Solar mm-wave radio telescope
Researchers in Lancaster University's 5* rated Physics Department have developed a new telescope to observe the sun.
The solar mm-wave radio telescope has been designed and constructed by Dr Max Lazarus, Lewis Macfarlane, Tad Komorowski, Andy Muirhead and the Physics workshop. It will be used to search the sun for high frequency microwaves (usually called millimetre waves) which might indicate when disturbances, such as storms on the Sun, may occur.
Dr Max Lazarus explained: "The sun is a very typical star and one of billions, except that it is still full of mysteries.
"Sun Spots are among the mysterious phenomena. They are violent storms on the Sun and are associated with solar flares. They send all kind of emissions to the Earth, including hot belts of ionised gas which trap electromagnetic energy - sufficient to knock out communications, electronics, and even the multi megawatt Canadian Hydroelectric system."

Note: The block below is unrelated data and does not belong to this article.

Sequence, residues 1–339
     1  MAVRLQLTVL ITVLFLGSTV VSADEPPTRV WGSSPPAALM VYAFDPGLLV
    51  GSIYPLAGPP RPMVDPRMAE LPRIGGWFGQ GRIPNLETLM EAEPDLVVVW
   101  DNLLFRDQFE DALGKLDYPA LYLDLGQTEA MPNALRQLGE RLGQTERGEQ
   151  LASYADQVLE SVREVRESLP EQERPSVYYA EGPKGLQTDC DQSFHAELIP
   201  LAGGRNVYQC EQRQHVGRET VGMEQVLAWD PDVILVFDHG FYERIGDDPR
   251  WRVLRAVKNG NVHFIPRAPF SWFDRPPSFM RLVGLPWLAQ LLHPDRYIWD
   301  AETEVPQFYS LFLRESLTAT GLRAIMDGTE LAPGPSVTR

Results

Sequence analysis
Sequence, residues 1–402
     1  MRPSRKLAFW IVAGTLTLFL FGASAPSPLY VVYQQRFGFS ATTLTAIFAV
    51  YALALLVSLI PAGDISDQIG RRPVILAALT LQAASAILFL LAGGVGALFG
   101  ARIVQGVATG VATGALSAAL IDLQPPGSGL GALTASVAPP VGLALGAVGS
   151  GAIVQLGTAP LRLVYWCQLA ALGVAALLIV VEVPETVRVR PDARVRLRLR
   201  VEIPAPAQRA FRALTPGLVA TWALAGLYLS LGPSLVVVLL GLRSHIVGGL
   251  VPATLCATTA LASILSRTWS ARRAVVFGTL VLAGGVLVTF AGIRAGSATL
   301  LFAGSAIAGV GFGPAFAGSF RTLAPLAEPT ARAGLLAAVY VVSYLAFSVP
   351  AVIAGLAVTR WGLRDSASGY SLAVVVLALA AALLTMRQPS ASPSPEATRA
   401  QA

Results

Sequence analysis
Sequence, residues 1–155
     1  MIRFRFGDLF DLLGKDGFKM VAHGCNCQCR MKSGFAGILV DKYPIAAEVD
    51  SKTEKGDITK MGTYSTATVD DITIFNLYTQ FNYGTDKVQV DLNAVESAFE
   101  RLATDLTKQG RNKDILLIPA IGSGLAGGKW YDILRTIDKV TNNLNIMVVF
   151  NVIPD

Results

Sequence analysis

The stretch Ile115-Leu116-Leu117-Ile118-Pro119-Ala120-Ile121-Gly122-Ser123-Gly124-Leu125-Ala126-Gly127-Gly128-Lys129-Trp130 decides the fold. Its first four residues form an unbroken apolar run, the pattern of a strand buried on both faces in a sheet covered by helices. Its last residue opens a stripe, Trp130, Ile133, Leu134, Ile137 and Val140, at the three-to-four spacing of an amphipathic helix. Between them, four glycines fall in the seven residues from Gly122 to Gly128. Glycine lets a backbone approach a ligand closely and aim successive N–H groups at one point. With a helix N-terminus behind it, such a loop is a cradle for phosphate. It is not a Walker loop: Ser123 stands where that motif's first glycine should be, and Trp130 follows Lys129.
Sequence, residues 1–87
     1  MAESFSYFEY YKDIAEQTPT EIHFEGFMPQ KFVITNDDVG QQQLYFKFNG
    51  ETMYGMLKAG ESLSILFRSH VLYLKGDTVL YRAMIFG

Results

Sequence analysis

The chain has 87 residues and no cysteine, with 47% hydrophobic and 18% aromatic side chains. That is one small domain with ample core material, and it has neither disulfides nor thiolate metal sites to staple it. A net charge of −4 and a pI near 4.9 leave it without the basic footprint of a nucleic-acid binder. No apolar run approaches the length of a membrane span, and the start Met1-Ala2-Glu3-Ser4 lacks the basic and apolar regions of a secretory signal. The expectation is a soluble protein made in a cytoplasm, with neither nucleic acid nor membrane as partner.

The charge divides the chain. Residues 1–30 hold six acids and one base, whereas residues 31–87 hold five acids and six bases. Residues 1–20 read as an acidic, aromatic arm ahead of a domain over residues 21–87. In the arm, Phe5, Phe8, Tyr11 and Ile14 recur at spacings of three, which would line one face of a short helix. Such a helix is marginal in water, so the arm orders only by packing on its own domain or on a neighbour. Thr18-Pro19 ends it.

The solar mm-wave radio telescope could give four days of early warning about geomagnetic disturbances.
There are many electromagnetic 'storms' at higher frequencies also. There is interference with ordinary radio and microwaves by various processes.
The researchers' initial search will cover 26.5 GHz to 40 GHz (a large bandwidth). Later they will search other frequency bands.
The Physics Department received a 5* - the highest rating available indicating research of international excellence - in the recent HEFCE Research Assessment Exercise.